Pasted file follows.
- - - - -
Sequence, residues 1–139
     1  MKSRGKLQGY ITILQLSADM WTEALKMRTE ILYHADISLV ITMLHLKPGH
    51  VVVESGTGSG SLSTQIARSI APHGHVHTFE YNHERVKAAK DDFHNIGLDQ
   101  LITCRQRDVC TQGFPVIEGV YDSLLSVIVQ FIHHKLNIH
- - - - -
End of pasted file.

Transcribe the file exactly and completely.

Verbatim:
Sequence, residues 1–139
     1  MKSRGKLQGY ITILQLSADM WTEALKMRTE ILYHADISLV ITMLHLKPGH
    51  VVVESGTGSG SLSTQIARSI APHGHVHTFE YNHERVKAAK DDFHNIGLDQ
   101  LITCRQRDVC TQGFPVIEGV YDSLLSVIVQ FIHHKLNIH